This week students also created their own symbols to represent stories that were important to them. These stories were based on a family tradition, celebration or ceremony. They then created artwork incorporating these symbols and a collection of family photos that they had brought in.
Earlier this month, the students had the opportunity to take a walking tour through High Park and learn how the Haudenosaunee and Anishinabe First Nations People survived off this land up until the late 1700s. After this experience, the students found an interesting note from our classroom character Felicity the Fairy.
Upon finding this note, the students learned about how to measure circumference. They also began creating questions to lead their own inquiry projects on the Annishinabe and Haudenosaune First Nations people who inhabited the High Park Area.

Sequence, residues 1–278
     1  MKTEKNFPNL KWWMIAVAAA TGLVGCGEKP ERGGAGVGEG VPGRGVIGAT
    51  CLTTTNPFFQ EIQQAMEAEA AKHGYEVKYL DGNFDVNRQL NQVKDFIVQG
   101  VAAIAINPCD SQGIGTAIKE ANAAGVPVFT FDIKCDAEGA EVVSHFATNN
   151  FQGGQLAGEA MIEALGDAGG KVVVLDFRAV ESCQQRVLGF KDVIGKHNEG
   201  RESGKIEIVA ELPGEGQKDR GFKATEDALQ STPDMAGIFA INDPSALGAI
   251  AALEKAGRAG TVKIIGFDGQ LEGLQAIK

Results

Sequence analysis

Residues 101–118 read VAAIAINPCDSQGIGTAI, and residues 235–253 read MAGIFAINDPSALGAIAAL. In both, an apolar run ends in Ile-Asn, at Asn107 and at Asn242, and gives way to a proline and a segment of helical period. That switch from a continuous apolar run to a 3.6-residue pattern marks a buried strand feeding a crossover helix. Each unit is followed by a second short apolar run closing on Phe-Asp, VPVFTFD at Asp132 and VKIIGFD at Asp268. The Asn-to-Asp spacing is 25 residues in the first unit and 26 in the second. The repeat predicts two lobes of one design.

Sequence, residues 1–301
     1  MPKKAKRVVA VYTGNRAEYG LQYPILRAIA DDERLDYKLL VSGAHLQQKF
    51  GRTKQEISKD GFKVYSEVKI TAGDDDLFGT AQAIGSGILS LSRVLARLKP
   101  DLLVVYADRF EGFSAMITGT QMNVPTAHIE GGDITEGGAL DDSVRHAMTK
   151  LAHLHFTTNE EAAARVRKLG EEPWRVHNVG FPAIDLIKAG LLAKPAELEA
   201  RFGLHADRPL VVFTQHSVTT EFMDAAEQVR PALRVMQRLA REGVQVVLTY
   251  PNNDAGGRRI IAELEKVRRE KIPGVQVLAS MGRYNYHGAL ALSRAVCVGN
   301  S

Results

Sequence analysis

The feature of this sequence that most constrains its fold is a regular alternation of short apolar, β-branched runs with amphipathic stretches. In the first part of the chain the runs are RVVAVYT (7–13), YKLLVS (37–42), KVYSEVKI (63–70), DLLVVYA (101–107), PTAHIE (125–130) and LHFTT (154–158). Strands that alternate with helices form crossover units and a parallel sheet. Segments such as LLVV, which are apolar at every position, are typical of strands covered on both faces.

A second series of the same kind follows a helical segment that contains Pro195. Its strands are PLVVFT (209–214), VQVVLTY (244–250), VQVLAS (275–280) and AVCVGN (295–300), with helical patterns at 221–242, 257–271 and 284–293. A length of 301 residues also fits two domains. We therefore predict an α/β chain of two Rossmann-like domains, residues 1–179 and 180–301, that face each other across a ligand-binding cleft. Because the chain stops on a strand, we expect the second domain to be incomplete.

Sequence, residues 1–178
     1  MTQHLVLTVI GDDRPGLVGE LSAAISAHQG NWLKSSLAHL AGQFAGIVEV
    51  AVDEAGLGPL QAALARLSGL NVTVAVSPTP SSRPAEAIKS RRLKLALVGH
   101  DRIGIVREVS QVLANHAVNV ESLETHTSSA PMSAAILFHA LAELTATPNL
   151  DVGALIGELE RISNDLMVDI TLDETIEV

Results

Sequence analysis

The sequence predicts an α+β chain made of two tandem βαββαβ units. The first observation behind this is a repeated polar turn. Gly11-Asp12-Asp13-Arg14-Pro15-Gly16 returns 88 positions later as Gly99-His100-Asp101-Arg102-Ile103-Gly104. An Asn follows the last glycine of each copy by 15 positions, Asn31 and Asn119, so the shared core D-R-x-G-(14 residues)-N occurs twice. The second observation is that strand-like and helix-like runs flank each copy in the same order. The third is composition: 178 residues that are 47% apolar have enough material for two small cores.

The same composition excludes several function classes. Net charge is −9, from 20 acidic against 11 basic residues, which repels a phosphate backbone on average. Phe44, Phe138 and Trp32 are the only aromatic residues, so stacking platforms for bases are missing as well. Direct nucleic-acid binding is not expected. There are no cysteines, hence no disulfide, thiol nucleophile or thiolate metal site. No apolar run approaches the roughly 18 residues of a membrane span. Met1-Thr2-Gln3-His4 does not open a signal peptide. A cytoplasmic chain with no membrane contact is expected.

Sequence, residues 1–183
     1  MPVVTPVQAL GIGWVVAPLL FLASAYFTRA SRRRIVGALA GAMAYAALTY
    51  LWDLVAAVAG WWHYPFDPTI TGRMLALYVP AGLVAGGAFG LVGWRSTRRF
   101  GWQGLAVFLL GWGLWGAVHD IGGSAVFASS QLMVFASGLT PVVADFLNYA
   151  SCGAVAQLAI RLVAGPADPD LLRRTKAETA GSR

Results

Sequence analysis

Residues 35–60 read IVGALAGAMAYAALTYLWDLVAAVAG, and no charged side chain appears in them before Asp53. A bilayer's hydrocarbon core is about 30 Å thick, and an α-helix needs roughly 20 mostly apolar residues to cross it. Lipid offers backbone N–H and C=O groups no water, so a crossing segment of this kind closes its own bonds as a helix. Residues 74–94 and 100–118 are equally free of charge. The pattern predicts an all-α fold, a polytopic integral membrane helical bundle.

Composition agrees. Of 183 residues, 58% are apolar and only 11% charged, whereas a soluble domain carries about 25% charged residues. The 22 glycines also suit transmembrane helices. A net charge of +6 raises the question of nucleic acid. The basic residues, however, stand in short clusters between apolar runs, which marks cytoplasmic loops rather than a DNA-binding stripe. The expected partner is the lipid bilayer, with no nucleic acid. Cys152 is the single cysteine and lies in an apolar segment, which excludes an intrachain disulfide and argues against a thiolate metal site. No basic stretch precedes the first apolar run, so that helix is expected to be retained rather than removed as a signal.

Students divided into groups to tackle different areas to research such as transportation, clothing, food and housing. They started to learn about paragraph formation while recording information they had gathered on each topic. In mathematics, the students learned about patterning while looking at traditional beading methods of the Annishinabe people.